Marnus Labuschagne is set to become Australia's least-credentialed rookie first drop of the 21st century, after being named to bat at No.3 in Tim Paine's side for the fourth Test against India at the SCG.
A spot traditionally reserved for the best batsman in each Test team, Labuschagne's first-class average of 33.17 is the lowest of any player picked for the first time to bat at No.3 this century.
In total 15 players have been selected in the position since 2000 , dating back to Justin Langer who eventually lost the spot to Ricky Ponting in the following year's Ashes series.
Others have also filled in for the role, but only as a nightwatchman or for a single innings at a time through injury.
Ponting, Steve Smith, Shane Watson and Usman Khawaja have mostly held the spot with command, but Labuschagne's selection highlights an Australian side still trying to find their way without David Warner and Smith.
The Queenslander scored just 81 runs in his maiden two Tests batting in the middle order last year against Pakistan at 20.25, and had more success with the ball – taking seven wickets with his leg spin on the tour of the UAE.
It was partly for that reason he was picked in Australia's side for the SCG Test, with selectors preferring another bowling option on a wicket that is traditionally known for turning.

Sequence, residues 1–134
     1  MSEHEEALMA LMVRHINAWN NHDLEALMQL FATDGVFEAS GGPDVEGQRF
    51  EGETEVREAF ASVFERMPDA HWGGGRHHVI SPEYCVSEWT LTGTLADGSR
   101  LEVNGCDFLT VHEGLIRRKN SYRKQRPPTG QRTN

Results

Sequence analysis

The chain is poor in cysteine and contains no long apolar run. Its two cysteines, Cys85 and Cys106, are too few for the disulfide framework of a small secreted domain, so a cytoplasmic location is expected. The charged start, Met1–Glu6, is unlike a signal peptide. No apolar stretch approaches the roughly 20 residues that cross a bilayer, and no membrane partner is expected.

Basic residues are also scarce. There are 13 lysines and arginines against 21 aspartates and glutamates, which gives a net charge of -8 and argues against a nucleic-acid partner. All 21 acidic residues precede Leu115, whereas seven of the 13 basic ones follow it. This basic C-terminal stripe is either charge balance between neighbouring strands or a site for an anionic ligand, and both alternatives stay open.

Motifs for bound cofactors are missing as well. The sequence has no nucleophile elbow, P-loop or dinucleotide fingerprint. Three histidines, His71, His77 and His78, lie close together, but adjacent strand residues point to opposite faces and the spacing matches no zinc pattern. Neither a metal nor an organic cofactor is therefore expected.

"We know how good a cricketer he is, he's really skilled in all facets of the game," Paine said on match-eve on Wednesday.
"We saw in the UAE his leg spin's improved out of sight, and you're almost leaning towards him at Test level now as a bit of an all-round option, which is a really good package for us."
Khawaja was moved to opener to replace Aaron Finch as part of the shake up, while Peter Handscomb was also named at No.6 in place of Mitch Marsh at the SCG.
In fairness, Labuschagne has experience batting at first drop for Queensland in his first-class career but his average of 33.17 is still lower than Shaun Marsh, Robert Quiney and Alex Doolan who averaged 37 when brought into the Test side at No.3 in 2011, 2012 and 2014.
It's also a far cry from the figures of his predecessor Khawaja, who was averaging 51.7 in first-class cricket when brought in to make his debut for Australia at No.3 in 2011.